Decision 1999/726/EC of the European Central Bank of 7 October 1999 on fraud prevention – [Official Journal L 291 of 12.11.1999].
The Decision seeks to provide adequate protection against fraud and other illegal activities at the European Central Bank (ECB), while maintaining the distribution and balance of responsibilities between the ECB and the European institutions.
Accordingly, the Decision sets up an anti-fraud committee to be responsible for monitoring the independence and functioning of the ECB Directorate for Internal Audit. The anti-fraud committee is also responsible for relations with the Supervisory Committee of OLAF. These relations are governed by the principles established by an ECB decision.

Decision of the Court of Justice of 26 October 1999 concerning the terms and conditions for internal investigations in relation to the prevention of fraud, corruption and any illegal activity detrimental to the Community's interests [Not published in the Official Journal].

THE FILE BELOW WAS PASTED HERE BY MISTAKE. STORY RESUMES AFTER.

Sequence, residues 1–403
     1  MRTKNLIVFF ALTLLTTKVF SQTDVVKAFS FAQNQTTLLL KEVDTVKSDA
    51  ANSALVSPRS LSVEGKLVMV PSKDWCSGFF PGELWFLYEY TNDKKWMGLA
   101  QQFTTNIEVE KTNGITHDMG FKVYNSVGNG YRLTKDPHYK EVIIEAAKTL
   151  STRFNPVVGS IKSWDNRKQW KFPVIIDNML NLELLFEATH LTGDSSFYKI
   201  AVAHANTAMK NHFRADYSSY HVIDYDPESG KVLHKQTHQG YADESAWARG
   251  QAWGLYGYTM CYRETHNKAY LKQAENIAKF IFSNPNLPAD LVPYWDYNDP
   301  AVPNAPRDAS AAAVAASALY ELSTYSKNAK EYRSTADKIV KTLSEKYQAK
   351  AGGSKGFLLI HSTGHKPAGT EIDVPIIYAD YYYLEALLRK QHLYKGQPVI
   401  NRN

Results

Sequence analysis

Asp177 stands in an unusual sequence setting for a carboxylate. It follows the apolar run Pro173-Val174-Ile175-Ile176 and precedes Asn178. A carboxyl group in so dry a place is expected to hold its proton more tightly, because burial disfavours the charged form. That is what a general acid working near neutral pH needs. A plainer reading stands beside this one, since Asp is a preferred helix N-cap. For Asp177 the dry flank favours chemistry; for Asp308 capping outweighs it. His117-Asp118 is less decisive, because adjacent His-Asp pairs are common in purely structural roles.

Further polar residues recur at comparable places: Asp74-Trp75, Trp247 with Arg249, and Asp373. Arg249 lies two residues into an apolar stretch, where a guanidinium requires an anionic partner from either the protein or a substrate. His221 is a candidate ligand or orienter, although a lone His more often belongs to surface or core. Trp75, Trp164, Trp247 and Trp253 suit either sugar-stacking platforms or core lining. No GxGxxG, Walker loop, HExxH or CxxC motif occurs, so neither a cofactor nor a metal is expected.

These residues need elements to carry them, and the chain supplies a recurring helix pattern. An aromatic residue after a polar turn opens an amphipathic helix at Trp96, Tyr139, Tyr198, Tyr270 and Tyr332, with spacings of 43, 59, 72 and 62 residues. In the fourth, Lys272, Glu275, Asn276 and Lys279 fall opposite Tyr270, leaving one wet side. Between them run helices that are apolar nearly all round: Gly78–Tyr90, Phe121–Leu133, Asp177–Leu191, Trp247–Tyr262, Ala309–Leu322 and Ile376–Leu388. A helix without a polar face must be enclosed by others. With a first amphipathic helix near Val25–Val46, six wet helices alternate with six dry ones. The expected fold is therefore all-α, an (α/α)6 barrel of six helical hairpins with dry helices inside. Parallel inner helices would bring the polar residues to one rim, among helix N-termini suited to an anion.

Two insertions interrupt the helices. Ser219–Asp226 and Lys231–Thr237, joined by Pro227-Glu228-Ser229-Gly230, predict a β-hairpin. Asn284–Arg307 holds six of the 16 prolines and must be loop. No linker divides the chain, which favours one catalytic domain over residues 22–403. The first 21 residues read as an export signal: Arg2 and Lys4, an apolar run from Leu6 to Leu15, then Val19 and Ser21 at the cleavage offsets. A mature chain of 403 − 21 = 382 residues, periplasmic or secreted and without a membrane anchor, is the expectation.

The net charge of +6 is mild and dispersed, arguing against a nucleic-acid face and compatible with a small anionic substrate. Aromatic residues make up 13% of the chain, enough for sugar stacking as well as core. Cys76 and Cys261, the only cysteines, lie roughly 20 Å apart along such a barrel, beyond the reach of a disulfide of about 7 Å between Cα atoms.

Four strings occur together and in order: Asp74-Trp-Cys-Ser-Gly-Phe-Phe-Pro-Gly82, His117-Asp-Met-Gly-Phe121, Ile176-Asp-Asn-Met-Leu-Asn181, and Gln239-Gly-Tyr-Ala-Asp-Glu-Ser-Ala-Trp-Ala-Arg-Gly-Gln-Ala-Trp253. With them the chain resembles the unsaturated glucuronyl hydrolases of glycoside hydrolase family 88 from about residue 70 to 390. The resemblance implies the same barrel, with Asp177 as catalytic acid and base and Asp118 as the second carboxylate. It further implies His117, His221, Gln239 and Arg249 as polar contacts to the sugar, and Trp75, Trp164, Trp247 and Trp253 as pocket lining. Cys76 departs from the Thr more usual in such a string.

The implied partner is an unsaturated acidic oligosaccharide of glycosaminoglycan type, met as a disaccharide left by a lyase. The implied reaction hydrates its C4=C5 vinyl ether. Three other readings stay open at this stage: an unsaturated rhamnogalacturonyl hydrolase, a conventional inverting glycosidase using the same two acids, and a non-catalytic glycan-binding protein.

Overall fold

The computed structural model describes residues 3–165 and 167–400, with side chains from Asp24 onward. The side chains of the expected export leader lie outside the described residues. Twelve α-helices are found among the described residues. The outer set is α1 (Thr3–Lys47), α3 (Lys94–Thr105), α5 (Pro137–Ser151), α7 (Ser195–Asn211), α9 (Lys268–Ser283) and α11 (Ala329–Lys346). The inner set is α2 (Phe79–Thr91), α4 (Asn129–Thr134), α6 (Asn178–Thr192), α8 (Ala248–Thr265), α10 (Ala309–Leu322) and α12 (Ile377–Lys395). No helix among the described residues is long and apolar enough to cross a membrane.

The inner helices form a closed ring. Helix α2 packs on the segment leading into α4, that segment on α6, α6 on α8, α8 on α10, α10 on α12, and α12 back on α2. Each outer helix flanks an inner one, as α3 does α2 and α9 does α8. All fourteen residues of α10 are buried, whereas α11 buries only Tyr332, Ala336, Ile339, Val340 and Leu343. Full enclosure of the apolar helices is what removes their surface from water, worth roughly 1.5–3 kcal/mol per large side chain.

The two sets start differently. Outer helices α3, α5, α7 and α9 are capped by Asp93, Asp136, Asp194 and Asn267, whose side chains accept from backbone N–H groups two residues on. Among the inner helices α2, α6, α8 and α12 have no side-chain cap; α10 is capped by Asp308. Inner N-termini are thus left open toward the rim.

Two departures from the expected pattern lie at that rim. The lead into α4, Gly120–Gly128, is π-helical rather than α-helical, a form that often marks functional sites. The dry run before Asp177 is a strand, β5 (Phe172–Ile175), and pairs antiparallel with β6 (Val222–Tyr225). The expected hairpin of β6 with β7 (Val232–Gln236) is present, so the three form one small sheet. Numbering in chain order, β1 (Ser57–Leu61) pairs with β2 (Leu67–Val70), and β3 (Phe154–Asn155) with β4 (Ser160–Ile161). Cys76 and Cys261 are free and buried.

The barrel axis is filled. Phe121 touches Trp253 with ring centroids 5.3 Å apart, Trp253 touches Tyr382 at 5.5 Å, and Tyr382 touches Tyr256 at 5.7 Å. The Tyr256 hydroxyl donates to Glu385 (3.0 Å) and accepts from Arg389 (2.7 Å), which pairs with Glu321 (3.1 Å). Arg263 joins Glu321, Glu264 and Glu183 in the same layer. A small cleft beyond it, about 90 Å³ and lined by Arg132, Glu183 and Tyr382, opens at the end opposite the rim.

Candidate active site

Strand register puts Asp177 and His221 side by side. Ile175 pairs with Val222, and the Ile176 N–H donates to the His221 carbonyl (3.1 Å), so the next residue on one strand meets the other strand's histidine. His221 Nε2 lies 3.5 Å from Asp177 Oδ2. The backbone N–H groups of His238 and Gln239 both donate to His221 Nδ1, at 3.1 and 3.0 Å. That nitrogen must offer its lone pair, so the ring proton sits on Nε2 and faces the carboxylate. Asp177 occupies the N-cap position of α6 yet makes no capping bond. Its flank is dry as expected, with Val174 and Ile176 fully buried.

In accordance with the provisions of the Regulations setting up OLAF, this Decision requires the Court to cooperate with the Office and to keep it informed. It also lays down the procedures to be followed by OLAF staff when carrying out internal investigations. In line with the principle of confidentiality, it denies OLAF access to documents held in connection with legal proceedings that are in progress or have been terminated.

Judgment of the Court of Justice of 10 July 2003 setting aside Decision 1999/726/EC of the European Central Bank on fraud prevention and protection of the Communities' financial interests (Case C-11/00).

Last updated: 05.11.2008